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Why Vitamins Are So Good For You

by Bonnie Jones
(San Diego, California, USA)

Not long ago an astonishing pair of full-page advertisements appeared in leading newspapers of the country. The advertisers were two of our most popular, huge-circulation magazines.

Both ads were headed by amazing statements. One proclaimed that “You can’t photograph a vitamin,” and drew the analogy that you couldn’t photograph the intangible virtues of the magazine either.

The other declared that “Nobody has ever seen a vitamin” and that neither could anyone see the vitamins of editorial quality that made the magazine distinctive.

What’s wrong with these statements? Merely the fact that vitamins can be seen and photographed as easily as you take a snapshot of the baby.

You can hold pure crystalline vitamins in your hand, taste them, study them just as you can ordinary table salt.

If advertisements costing thousands of dollars, carefully checked by dozens of high-salaried executives, can be so far wrong about vitamins, it is high time that the mystery be cleared away just as it has been in the laboratories.

To a chemist a vitamin has no more glamour than a keg of whitewash. A vitamin is a definite chemical entity whose individual atoms, as distinctive as human fingerprints, can be drawn on paper with every atom in its proper place.

Not only are the functions of important vitamins well understood, but it is now possible to count the amounts of them in your daily diet just as you can count calories.

If vitamins occurred in foods in substantial quantities, they would be no more mysterious than the white crystals in your sugar bowl. But it happens that they are present in inconceivably small amounts.

A level teaspoon containing a mixture of all the known vitamins in purified form would be sufficient to keep you functioning at top efficiency for two months!

Many mysteries about vitamins do remain, of course. Not all the vitamins have been discovered. In very recent months the functions of at least three newcomers have become better understood—pyridoxine, pantothenic acid, paraaminobenzoic acid.

Vitamins were originally named after letters of the alphabet because nobody knew what they were. Now the tendency is to substitute their accurate chemical names for the ABC’s.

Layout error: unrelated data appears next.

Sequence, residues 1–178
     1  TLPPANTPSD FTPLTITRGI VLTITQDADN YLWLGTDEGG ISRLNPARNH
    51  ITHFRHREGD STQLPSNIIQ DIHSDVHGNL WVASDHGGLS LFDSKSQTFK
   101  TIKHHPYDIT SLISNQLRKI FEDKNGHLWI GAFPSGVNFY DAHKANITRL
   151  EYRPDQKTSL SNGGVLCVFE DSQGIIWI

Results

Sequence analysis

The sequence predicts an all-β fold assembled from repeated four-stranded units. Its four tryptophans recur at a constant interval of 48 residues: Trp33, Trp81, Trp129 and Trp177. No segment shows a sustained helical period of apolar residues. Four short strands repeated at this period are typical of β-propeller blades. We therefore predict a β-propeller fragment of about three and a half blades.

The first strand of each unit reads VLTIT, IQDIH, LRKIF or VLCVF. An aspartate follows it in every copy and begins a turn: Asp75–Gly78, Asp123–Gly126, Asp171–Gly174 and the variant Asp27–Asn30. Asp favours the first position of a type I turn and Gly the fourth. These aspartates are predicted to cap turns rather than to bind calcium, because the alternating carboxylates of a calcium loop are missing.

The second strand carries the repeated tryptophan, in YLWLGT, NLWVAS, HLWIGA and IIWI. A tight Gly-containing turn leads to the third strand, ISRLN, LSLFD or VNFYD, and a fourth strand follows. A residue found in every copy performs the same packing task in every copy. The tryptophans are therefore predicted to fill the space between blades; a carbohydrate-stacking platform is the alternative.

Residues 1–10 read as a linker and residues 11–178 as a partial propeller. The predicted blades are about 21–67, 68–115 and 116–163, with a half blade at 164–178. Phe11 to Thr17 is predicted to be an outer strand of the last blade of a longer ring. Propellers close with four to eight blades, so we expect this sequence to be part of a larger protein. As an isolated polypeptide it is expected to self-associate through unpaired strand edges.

The miracles in vitamins are real enough. You can’t win a war without them, which is one reason why governmerits, including our own, are fortifying foods with vitamins.

Lack of Vitamin Bi makes whole populations easy victims of a “war of nerves,” and extreme lack of Vitamin A would dull a soldier’s eyes so he couldn’t see to sight a rifle.

In your personal war, the one you are waging to wrest a living from the world, to forestall ill health, to make the most of your talents, vitamins are no less important.

Vitamins put a chip on your shoulder, keep you on the outside of mental hospitals, give you a skin you love to touch, preserve your vision, enable you to grow and have children.

None of these desirable ends is achieved by vitamins alone. They are only part of the story of nutrition; they build no tissues, give no energy except by acting as catalysts that enable other food elements to do their work.

If you are already getting plenty of vitamins, your health will not be improved in the slightest by increasing your intake. But the disturbing discovery of recent advances in nutrition is that unless you are an exceptional citizen indeed you probably are not getting enough vitamins.

This does not mean that you are very likely to be a victim of acute deficiency diseases such as rickets, pellagra, xerophthalmia, beriberi, or scurvy, which arise, respectively, from lack of Vitamins D, nicotinic acid, A, Bi, and C.

It does mean that in all probability you don’t get enough vitamins to assure you of energetic, supercharged, positive health that is your birthright.

Practically all authorities agree that mild vitamin deficiencies are distressingly common in this country.

Symptoms are often so vague that diagnosis is difficult, but such extremely common complaints as listlessness, lack of pep, dragged-out feeling, poor appetite, faulty elimination, very often disappear when diets are balanced with vitamin-rich foods.

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Updated: October 30, 2012 — 5:54 pm

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